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County Board OKs Talks With Controversial Software Firm

March 26, 2003|Daren Briscoe and Sue Fox | Times Staff Writers

County supervisors voted Tuesday to negotiate with PeopleSoft Inc. on a $64.5-million contract for business-management software despite the company's history of cost overruns and computer glitches.

Earlier this month, California Auditor Elaine M. Howle released a sharply critical audit of a software system being built by the company for the California State University system. Howle's report found that the cost of the system, which was intended to track personnel, student and financial records on 23 campuses, was expected to soar more than $200 million over earlier projections.

Although several large PeopleSoft clients have publicly complained about the company's software in recent years, David Janssen, the county's chief administrative officer, called the PeopleSoft platform very solid.

Janssen said the county's aging financial system added a sense of urgency to the search for a replacement, which could take two to three years to go online.

"We're all nervous about this undertaking, but the county's central financial system is 15 to 20 years old," Janssen said. "We need to move forward to keep on some kind of schedule."

Supervisor Gloria Molina, who abstained from the board's 4-0 vote, questioned the wisdom of pursuing the contract, saying that her research into PeopleSoft's performance suggests that the state university system's problems are typical.

"Their track record says that whatever they say it will cost you, it will cost more," she said.

Other supervisors said they were confident that the county was not making an irreversible commitment to PeopleSoft. The board is scheduled to review the contract before June, and Supervisor Zev Yaroslavsky said there will be time for the county to back out if it is unable to secure contract guarantees that protect the county's interest.

Steve Swasey, a PeopleSoft spokesman, would not comment on the planned contract with the county, citing a company policy against discussing ongoing negotiations. But he defended the company's record and its products' performance, saying that more than 300 state and local governments and 650 higher education institutions use its software.

"By and large, PeopleSoft has enormously successful programs [and] highly satisfied customers," Swasey said. "At times there will be a time when things aren't working perfectly [and] many times that is not the fault of PeopleSoft."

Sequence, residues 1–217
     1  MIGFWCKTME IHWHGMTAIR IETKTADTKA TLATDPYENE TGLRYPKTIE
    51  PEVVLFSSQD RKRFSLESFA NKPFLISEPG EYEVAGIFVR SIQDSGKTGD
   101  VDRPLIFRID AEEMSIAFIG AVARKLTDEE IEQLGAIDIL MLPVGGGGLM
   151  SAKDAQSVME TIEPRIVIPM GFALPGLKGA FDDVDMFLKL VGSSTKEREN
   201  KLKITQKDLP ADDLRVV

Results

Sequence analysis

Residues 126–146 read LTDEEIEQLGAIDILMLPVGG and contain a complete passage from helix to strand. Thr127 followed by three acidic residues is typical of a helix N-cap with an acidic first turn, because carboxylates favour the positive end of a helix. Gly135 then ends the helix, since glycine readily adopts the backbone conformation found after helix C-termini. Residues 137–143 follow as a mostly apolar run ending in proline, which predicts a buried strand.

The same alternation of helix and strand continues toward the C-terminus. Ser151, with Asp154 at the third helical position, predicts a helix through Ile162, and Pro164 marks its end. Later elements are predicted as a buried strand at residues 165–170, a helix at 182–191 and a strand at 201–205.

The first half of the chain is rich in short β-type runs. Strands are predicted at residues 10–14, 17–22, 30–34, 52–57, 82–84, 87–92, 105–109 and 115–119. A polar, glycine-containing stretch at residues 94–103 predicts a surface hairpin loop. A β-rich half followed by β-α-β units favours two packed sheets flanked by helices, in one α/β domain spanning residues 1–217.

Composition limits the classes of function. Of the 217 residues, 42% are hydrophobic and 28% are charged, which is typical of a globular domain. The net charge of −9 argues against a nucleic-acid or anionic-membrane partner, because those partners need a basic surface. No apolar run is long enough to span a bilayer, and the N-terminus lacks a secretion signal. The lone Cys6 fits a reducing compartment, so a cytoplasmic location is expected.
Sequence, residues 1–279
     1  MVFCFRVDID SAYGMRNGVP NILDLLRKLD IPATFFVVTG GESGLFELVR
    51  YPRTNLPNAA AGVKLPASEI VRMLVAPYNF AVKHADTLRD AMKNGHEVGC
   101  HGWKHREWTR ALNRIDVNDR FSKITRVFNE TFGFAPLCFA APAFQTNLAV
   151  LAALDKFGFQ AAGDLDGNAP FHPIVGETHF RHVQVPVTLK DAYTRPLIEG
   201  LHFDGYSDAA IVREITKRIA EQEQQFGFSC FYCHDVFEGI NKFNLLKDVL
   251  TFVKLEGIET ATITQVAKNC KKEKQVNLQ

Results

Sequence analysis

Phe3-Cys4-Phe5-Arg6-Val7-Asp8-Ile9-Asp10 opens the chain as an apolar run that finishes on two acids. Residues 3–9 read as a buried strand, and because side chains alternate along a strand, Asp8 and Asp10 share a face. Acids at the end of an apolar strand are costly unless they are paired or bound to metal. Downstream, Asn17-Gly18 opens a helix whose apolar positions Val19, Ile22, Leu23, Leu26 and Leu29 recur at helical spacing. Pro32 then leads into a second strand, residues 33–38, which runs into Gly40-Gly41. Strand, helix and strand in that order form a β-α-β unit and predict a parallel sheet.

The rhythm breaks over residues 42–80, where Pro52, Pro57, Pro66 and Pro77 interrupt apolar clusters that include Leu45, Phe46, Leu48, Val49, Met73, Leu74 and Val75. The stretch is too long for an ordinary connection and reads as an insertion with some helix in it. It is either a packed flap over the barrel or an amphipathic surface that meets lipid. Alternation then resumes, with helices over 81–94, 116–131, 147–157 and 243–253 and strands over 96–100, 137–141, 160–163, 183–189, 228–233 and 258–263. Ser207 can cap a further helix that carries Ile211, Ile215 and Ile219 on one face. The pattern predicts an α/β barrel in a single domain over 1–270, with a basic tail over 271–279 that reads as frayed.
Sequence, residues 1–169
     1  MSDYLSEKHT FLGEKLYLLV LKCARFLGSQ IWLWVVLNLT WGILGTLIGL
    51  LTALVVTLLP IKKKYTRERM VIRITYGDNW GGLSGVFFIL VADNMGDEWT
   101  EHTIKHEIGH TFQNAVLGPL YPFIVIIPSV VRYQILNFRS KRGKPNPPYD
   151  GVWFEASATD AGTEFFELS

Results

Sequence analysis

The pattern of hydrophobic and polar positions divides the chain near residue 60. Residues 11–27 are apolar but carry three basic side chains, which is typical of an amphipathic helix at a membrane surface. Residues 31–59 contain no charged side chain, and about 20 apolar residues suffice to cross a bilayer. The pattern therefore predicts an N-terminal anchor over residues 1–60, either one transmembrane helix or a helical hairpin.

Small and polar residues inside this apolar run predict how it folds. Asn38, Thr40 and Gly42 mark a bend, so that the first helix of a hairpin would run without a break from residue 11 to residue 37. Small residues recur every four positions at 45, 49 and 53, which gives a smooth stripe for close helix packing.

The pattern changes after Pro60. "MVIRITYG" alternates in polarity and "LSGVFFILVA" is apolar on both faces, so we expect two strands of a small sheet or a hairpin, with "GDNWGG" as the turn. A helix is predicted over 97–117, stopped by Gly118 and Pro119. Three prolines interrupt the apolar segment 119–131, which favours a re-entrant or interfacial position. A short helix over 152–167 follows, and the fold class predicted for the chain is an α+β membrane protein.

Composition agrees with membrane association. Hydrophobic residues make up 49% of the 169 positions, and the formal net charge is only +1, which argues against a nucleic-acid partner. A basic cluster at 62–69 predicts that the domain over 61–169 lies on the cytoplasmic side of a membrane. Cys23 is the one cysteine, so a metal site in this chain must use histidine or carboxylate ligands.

Wherever the fault lies, PeopleSoft has been repeatedly accused of selling software plagued with expensive glitches.

In Ohio, Cleveland State University ran into trouble with PeopleSoft programs that allegedly scrambled the university's financial aid system. By 2000, it had spent $16 million on glitch-ridden software that it thought would cost $4.3 million. "We've spent a small fortune, and it's still not anywhere near satisfactory," university Vice President Joe Nolan said at the time.

Other customers have complained that the software firm put more effort into selling its products than ensuring their smooth operation. At one point, seven of the Big 10 Midwestern universities wrote a joint letter to PeopleSoft, complaining about sloppy programming and insufficient testing.

In California, the San Francisco school district spent several years and millions more than expected trying to fix the bugs in its PeopleSoft system.

Jon Fullinwider, Los Angeles County's chief information officer, described the selection process that yielded PeopleSoft as the preferred vendor as "the most disciplined I've ever participated in." Fullinwider said the PeopleSoft products outperformed other systems, based on more than 3,000 requirements that were evaluated by as many as 150 employees from each county department.

But state Sen. Richard Alarcon (D-Sylmar), who requested the audit of the state university software system, was skeptical.

"It seems that these companies may have purchasers over a barrel, because they have the [technological] expertise. I'm not sure they're not selling us Cadillacs, where we might get by with a tricycle," Alarcon said.

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